Vol. 12, No. 3,009 - The American Reporter - October 19, 2006

Reporting: India

by Aman Singh
American Reporter India Correspondent
New Delhi, India

Printable version of this story

NEW DELHI, Sept. 11, 2002 -- A luxury express train jumped the tracks on a bridge over a river in eastern India on Monday night, killing 106 people according to latest reports with one minister also saying that it could have been an act of sabotage.

Deputy Prime Minister Lal Krishna Advani, who is also India's interior minister, however played down the sabotage theory, saying instead that all the information that he had received pointed to an accident.

It all happened when a most trusted 18-carriage express train, the Howrah-New Delhi Rajdhani Express, plunged into Dhave River in Aurangabad district near Rafiganj station between Gaya and Dehri-on-Sone in Bihar in Eastern Railway's Mughalsarai division, some 500 kilometers (310 miles) west of Calcutta. Some 15 cars derailed, authorities said.

Five coaches piled on top of each other after one side of the bridge collapsed into the river whose muddy waters were ankle-deep. While 67 bodies have been recovered from the coaches, and 13 people have died in hospital, one coach is yet to be opened by rescue workers.

Around 180 people have been injured in the accident in this unusual accident. Rescue workers using gas-cutters have been struggling to pull victims from the mangled cars.

The air-conditioned Rajdhani Express, bound for New Delhi from the eastern city of Calcutta, was carrying 605 people when it crashed 130 miles south of Bihar state capital, Patna, an area where Maoist rebels are active.

"We were all asleep and suddenly the whole thing went zigzag and everything started to fall on top of me," passenger Muhammad Irshad said on Tuesday, tears streaming down his cheeks. "It lasted a couple of minutes. When it was over, I realised my wife and children had been crushed to death." His children were two and three years old.

Survivors seeking missing people frantically called their names over a squeaky public address system as soldiers using lathis or bamboo canes drove back a huge crowd of onlookers. The driver of the train informed the Railway Control at Mughalsarai over his high frequency telephone at 10:54 Indian Standard Time (IST) after the accident, sources said [India is nine hours ahead of Los Angeles].

"This is no ordinary accident. Our men have found fish plates and rails removed at the site and that is the clear-cut information with us," a news agency quoted Railway Board Chairman I.I.S.M. Rana as saying. He did not name any suspects, saying an investigation was underway.

Union railway minister Nitish Kumar said that the train carriages veered off the tracks because Maoist radicals had possibly removed the bridge's fishplates and the bolts that bind them.

"Prima facie, it appears to be a case of sabotage as at the time of the derailment the train was running at 130 km/per hour ... [Had] there been any suspicion over the condition of the track, speed restrictions would have been imposed," Kumar told reporters at the accident site.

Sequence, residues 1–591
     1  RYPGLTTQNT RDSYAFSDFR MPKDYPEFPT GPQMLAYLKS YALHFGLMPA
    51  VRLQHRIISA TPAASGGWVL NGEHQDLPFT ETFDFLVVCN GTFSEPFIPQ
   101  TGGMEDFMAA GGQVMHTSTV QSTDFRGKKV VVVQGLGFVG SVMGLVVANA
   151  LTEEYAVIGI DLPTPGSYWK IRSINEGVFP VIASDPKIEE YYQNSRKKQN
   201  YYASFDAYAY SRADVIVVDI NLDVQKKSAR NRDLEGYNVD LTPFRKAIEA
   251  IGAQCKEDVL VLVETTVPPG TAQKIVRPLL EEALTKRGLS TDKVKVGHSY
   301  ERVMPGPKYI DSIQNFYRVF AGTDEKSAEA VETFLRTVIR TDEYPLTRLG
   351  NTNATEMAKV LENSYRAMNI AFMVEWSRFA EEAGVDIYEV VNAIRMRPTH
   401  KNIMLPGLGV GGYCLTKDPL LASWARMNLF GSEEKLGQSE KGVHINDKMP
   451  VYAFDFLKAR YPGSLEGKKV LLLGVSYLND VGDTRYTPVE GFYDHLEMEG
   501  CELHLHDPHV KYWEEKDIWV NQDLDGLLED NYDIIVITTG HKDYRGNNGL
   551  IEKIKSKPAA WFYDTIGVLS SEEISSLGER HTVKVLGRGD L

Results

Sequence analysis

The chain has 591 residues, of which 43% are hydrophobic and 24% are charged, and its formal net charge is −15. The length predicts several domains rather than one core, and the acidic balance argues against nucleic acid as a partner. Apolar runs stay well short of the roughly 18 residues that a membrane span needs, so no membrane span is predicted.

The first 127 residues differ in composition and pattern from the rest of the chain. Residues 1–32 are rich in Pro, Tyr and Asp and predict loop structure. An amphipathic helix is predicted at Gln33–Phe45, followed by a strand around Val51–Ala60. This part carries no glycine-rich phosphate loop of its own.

Asked why, if the tracks were tampered with, the engine and a couple of bogies did not derail, he said: "The engine and a couple of bogies (railroad cars, or carriages) passed through due to speed."

Officials in Bihar were more restrained, saying only that a probe had been ordered into the crash. The fact that this bridge was constructed in 1916 and that it was last repaired in 1956 doesn't seem to have registered in the minds of officials, who continue pointing towards sabotage as the cause of the derailment.

With one rail car still stuck in the water and 35 passengers stuck in it, officials are now losing hope of retrieving them in time. Meanwhile, more than 90 survivors of the crash in eastern India arrived in New Delhi on Wednesday, many of them limping, wounded and in a daze but glad to be alive.

At the same time, politics began its "dirty linen" game with Bihar Chief Minister Rabri Devi, accompanied by her husband and Rashtriya Janata Dal (RJD) chief Laloo Prasad Yadav, visiting the local hospitals and alleging incompetence and sabotage as the cause of the accident.

The Bihar police of Wednesday have also reportedly lodged a case against railway employees for Monday night's derailment with the driver and the guard of the train among the railway employees against whom the case has been lodged.

Meanwhile, worried relatives in Calcutta and the capital lost their patience as they protested against the "callous" railway staffers who were not being able to provide any information to them regarding the status of the passengers. The accident is being seen as a worst ever in the last decade, Most trains along the route were being diverted or were cancelled.

On the other hand are the harassed passengers who are complaining that while the accident occurred at 10:40 pm IST, aid did not reach before 2:00 pm IST the next day. Recently Union Railway Minister met Advani to discuss the accident.

While the former has stuck to his initial theory of sabotage behind the derailment, Advani, the hard-line Deputy Prime Minister, has refused to divulge any details of the meeting.

Kumar, the railways minister, told reporters that it had been decided that no official would be allowed to divulge any information from now on about any such mishap in the future. The Intelligence Bureau Chief was also present at the meeting.

With the railway administration in North and East India in a frenzy as the death toll continues to rise, it remains to be seen whether it was a 86-year-old bridge behind this mishap or a well-planned act of sabotage.

Copyright 2006 Joe Shea The American Reporter. All Rights Reserved.

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